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Lessons from Warren Buffett - XII

Sep 13, 2007

In our previous article on Warren Buffet's letter to shareholders, we discussed the master's 1987 letter and got to know his preference for businesses that are simple and easy to understand. In the same letter, Buffett also explained the concept of 'Mr Market' in a rather detailed way. Let us now see what the master has to offer in his 1988 letter to shareholders.

The year 1988 turned out to be quite an eventful one for Berkshire Hathaway, the master's investment vehicle. While the year saw the listing of the company on the New York Stock Exchange, it also turned out to be the year when Warren Buffett made what can be termed as one of its best investments ever. Yes, we are talking about the company Coca Cola. The letter too was not short on investment wisdom either. Although he did discuss previously touched upon topics like accounting and management quality, these are not what we will focus on. Instead, let us see what the master has to say on some novel concepts like arbitrage and his take on the efficient market theory.

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For those of you who would have thought that Warren Buffett is all about value investing and extremely lengthy time horizons, the mention of the word 'arbitrage' must have come as a pleasant surprise or may be, even as a shock. However, the master did engage in 'arbitrage' but in very small quantities and this is what he has to say on it.

"In past reports we have told you that our insurance subsidiaries sometimes engage in arbitrage as an alternative to holding short-term cash equivalents. We prefer, of course, to make major long-term commitments, but we often have more cash than good ideas. At such times, arbitrage sometimes promises much greater returns than Treasury Bills and, equally important, cools any temptation we may have to relax our standards for long-term investments."

First of all, let us see how does he define arbitrage.
"Since World War I the definition of arbitrage - or "risk arbitrage," as it is now sometimes called - has expanded to include the pursuit of profits from an announced corporate event such as sale of the company, merger, recapitalization, reorganization, liquidation, self-tender, etc. In most cases the arbitrageur expects to profit regardless of the behavior of the stock market. The major risk he usually faces instead is that the announced event won't happen."

Just as in his long-term investments, in arbitrage too, the master brings his legendary risk aversion technique to the fore and puts forth his criteria for evaluating arbitrage situations.

"To evaluate arbitrage situations you must answer four questions: (1) How likely is it that the promised event will indeed occur? (2) How long will your money be tied up? (3) What chance is there that something still better will transpire - a competing takeover bid, for example? and (4) What will happen if the event does not take place because of anti-trust action, financing glitches, etc.?"

And how exactly does he differ from other arbitrageurs? Let us hear the answer in his own words.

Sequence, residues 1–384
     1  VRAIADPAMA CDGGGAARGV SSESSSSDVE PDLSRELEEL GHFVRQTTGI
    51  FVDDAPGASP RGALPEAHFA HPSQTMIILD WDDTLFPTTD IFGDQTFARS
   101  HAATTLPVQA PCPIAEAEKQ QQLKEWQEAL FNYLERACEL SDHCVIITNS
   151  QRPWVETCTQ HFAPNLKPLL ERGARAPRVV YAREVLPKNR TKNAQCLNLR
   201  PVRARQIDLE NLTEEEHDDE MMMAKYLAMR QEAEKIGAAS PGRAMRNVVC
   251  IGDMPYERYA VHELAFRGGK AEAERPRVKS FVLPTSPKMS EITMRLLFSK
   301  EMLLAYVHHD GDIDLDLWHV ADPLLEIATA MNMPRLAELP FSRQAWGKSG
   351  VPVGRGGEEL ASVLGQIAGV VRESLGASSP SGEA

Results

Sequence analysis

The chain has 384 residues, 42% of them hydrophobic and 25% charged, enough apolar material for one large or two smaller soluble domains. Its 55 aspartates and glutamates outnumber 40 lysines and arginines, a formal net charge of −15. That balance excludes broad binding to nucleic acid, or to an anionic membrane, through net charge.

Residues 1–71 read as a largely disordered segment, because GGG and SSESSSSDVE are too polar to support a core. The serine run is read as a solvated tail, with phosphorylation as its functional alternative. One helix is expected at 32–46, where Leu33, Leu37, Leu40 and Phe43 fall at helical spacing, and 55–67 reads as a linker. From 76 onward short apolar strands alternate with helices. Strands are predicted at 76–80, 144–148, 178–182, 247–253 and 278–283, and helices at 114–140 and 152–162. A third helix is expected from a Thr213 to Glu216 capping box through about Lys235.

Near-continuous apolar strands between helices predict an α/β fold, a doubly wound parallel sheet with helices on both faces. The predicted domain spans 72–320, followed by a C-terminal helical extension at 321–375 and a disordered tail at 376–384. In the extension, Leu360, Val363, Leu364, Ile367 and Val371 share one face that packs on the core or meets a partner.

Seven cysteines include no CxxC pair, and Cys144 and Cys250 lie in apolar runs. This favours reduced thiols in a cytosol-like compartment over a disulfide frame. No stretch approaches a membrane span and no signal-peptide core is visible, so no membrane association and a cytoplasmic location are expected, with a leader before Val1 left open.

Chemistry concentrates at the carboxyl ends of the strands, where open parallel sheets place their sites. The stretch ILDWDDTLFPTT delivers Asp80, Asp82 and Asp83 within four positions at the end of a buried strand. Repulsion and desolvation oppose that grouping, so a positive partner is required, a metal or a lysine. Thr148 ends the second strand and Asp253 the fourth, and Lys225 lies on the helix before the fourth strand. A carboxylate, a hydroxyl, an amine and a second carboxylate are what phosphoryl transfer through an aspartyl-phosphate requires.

"Because we diversify so little, one particularly profitable or unprofitable transaction will affect our yearly result from arbitrage far more than it will the typical arbitrage operation. So far, Berkshire has not had a really bad experience. But we will - and when it happens we'll report the gory details to you."

"The other way we differ from some arbitrage operations is that we participate only in transactions that have been publicly announced. We do not trade on rumors or try to guess takeover candidates. We just read the newspapers, think about a few of the big propositions, and go by our own sense of probabilities."

Another important topic that the master touched upon in his 1988 letter was that of the Efficient Market Theory (EMT). This theory had become something like a cult in the financial academic circles in the 1970s and to put it simply, stated that stock analysis is an exercise in futility since the prices reflected virtually all the public information and hence, it was impossible to beat the market on a regular basis. However, this is what the master had to say on the investment professionals and academics who followed the theory to the 'Tee'.

"Observing correctly that the market was frequently efficient, they went on to conclude incorrectly that it was always efficient. The difference between these propositions is night and day."

In order to justify his stance, the master states that if beating markets would have been impossible, then he and his mentor, Benjamin Graham, would not have notched up returns in the region of 20% year after year for an incredibly long stretch of 63 years, when the market returns during the same period were just under 10% including dividends. Hence, despite evidences to the contrary, EMT continued to remain popular and forced the master to make the following comment.

"Over the 63 years, the general market delivered just under a 10% annual return, including dividends. That means US$ 1,000 would have grown to US$ 405,000 if all income had been reinvested. A 20% rate of return, however, would have produced US$ 97 m. That strikes us as a statistically significant differential that might, conceivably, arouse one's curiosity. Yet proponents of the theory have never seemed interested in discordant evidence of this type. True, they don't talk quite as much about their theory today as they used to. But no one, to my knowledge, has ever said he was wrong, no matter how many thousands of students he has sent forth misinstructed. EMT, moreover, continues to be an integral part of the investment curriculum at major business schools. Apparently, a reluctance to recant, and thereby to demystify the priesthood, is not limited to theologians."

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